And if you’re in the mood and it’s legal, the 5.0-litre will roar beyond the 6500rpm red line to a smidgen under 7000rpm, underlining the free-breathing nature of this naturally aspirated beast. Acceleration is surprisingly rapid for such a large and heavy-feeling coupe, leaping off the line before you even realise how forcefully fast through the gears the Mustang can be. Be aware.
Yet… slotting the ‘stang into sixth, with the engine barely humming above 1600rpm, and you realise that there is a bona fide grand touring character to this car, as it lopes along lazily across the blacktop, as if this was all part of a ‘70s American road movie. What we’re trying to say here is that there is a stoned restfulness to the GT Fastback’s personality.
And the brakes are right up to the task of keeping everything in check too, with just the correct amount of assistance and pedal pressure.
While you’d never call the six-speed manual shifter light and easy, it is probably the best we’ve experienced tied to any American V8 – be it a Ford, GM, or Chrysler – thanks to a hefty yet defined and oiled short-throw action that hardly puts a foot wrong and is always satisfying. Some driveline shunt – especially around town – can be induced even if you’re not particularly ham-fisted, but the fact is, Dearborn’s engineers have clearly tailored the clutch and gearbox for rewarding smoothness. It just feels right.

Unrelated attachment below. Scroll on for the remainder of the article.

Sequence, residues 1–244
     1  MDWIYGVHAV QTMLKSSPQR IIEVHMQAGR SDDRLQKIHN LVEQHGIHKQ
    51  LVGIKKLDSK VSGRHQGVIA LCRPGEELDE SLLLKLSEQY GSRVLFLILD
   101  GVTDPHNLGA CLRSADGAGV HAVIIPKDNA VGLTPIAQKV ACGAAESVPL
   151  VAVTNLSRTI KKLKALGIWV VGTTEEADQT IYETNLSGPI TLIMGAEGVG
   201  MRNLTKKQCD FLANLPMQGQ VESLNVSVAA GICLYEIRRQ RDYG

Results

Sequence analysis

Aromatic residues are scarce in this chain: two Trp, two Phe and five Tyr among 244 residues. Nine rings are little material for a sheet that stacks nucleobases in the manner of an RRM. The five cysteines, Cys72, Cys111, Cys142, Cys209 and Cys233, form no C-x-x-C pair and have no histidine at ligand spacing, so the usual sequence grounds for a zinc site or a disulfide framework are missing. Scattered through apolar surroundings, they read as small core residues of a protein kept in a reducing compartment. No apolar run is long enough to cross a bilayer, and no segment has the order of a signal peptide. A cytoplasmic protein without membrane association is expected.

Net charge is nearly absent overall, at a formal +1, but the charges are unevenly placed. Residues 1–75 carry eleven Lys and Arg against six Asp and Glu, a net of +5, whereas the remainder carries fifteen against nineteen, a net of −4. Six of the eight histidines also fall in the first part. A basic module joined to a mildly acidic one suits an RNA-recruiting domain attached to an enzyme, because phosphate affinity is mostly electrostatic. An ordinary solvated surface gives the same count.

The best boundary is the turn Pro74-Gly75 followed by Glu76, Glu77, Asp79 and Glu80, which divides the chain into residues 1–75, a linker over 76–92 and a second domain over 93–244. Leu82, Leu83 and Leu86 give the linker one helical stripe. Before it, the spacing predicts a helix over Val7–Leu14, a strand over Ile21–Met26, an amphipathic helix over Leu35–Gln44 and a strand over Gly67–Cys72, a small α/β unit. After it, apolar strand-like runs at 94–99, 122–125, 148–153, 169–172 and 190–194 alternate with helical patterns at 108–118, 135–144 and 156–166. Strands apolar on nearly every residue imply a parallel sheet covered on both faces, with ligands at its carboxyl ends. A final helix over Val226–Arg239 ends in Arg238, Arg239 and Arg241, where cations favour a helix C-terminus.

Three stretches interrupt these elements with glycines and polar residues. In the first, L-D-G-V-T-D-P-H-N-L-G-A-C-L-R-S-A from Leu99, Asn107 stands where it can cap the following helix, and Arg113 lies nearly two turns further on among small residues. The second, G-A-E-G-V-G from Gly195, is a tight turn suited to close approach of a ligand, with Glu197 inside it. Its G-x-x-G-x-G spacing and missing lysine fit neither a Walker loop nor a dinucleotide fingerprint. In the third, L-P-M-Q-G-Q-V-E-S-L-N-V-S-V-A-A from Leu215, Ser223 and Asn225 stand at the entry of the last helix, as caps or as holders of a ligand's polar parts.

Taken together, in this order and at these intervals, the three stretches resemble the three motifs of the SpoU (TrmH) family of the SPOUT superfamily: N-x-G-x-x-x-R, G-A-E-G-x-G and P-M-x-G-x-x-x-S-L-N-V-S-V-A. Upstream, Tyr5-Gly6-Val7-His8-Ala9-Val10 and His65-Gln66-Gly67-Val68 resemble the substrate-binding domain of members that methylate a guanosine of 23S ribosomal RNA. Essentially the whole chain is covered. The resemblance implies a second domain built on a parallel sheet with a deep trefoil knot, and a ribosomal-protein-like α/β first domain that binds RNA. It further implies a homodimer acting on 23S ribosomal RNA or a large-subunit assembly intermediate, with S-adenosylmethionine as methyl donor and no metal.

Fuel economy… don’t ask. Ours rarely dipped below an indicated 12.0L/100km, and enthusiastic driving will probably see that rocket towards the high teens or worse. The official figure is 13.1L/100km (for a 305g/km CO2 rating) for the V8 manual coupe. The six-speed auto is slightly better on paper.
Ride and handling
If you’ve ever experienced the 2000-2002 Fox-bodied Mustang that Ford tried to flog against Holden’s high-flying V2 Monaro CV8, this is absolutely nothing like that live rear-axled show-pony. It’s multi-links and independence all the way back there, and the results aren’t what you might expect.